The day crawled by. Louis and I both had sore feet, and it seemed like every part of the trail was covered in roots and rocks. We tried to make the best of it and sang songs together (mostly Disney songs), which made the time pass.
The weather called for possible thunderstorms, but most of the day was beautiful and sunny. Then the last 6-7 miles, the sky darkened and the wind picked up. I got nervous. We were at a pretty high elevation in rocky terrain, and I didn’t want to be caught in a thunderstorm with nowhere to throw up the tent if we needed an escape. I tried to pick up the pace, but the sole of one of Louis’s hiking boots started coming off. We rigged it to stay put with his shoelace but picking up the pace wasn’t an option.
It started lightly raining and the wind was blowing. We came to a fork in the road with a “bad weather” blue blazed trail that paralleled the AT for 1.5 miles, and the real AT that went over rocky terrain. The blue blaze used to be the old AT before it was rerouted. We decided not to risk it with the thunderstorms closing in and took the blue blaze trail. I felt a little guilty for missing those white blazes, but I remember Engine telling me that he and Caboose never put miles above safety, and I didn’t feel safe taking the more treacherous route with the weather.
The impending thunderstorms never came. We finished the trail with a bit of rain but thankfully no huge thunderclaps. Arriving at the shelter we found Beetle and Friendly Ghost! Unfortunately, Beetle developed shin splints so they were taking it slow. Another hiker I hadn’t met before, Dogmouse, also had shin splints. We set up in the shelter and Captain came along, taking the last spot.
While making dinner it started pouring down rain but it was still sunny. Everyone moved inside, but the rain was brief. In its place was a huge beautiful rainbow. You could see each end of the arc and make out the individual colors. It was a great treat to end a hard day.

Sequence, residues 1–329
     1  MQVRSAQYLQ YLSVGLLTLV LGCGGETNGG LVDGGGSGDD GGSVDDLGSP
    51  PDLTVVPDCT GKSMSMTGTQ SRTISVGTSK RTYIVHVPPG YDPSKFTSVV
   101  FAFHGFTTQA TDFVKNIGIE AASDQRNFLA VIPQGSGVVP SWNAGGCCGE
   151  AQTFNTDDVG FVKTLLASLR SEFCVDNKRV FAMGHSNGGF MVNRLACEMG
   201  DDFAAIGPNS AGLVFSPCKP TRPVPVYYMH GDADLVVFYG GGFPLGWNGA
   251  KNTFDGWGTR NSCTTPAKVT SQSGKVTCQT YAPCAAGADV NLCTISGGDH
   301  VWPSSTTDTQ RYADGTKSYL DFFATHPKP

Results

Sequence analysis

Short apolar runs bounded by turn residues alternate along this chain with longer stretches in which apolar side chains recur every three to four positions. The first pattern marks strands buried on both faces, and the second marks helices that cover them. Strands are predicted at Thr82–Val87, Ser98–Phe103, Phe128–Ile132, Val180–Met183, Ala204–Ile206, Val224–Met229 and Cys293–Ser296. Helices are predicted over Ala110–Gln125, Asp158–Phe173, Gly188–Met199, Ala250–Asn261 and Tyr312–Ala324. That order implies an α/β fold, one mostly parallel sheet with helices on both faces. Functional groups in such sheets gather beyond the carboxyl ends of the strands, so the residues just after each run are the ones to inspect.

Day 30, 3/27: Jerry Cabin shelter -> Devil’s Fork gap (9.2 miles)
We woke up and like yesterday, Louis was packed up in mere minutes. I tried hurrying but I was sore all over and moving was painful. We eventually got on the trail and started the easy mostly flat 10 miles to the car. The weather was sunny and it was promising to be a warm day.
We climbed Big Butt Mountain and childishly sang songs about butts all the way to the top. We climbed the very slippery and dangerous side ascent to see the view, which was not spectacular and not worth almost falling to our deaths. I was very disappointed there was no sign to indicate this was Big Butt Mountain to get a picture in front of.
The rest of the hike went by quickly, and before we knew it, we could see the parking area through the trees. Before getting to the car, we came across a man with a highlighter yellow shirt. He offered us trail magic. He said he’s planning on doing a section in Maine this summer and he might catch us there.
We got to the car, drove the 20 minutes to Erwin, TN and booked a room in the hotel. The room wasn’t ready so we went grocery shopping. We didn’t smell that great but we were too tired to care. We got my resupply food, a microwaveable lasagna, and some ice cream for lunch. I also got some bagels, cream cheese, and a tiny nonstick egg skillet to toast the bagels. Beeline inspired me with his amazing assortment of food. Back at the hotel food was a priority, so we shared the lasagna before showering the hiker stink off.
It had been intermittently sunny the past 2 days but I had mostly worn long sleeves. I put sunscreen on my face and was wearing my white blaze hat and sunglasses. I thought I was covered (literally and figuratively), but I got burned on the tops of my ears. They were peeling, painful, and hot. I won’t be making that mistake again! Sunscreened ears, here I come.
I was too tired and sore to go out for dinner, so Louis (the wonderful husband he is) got BBQ and brought it back to the room. It tasted amazing. I spent the evening on my computer filling out forms for school and downloading some new music for the trail. I stayed up way too late, but it felt good to reconnect with the world staring at a bigger screen than my phone.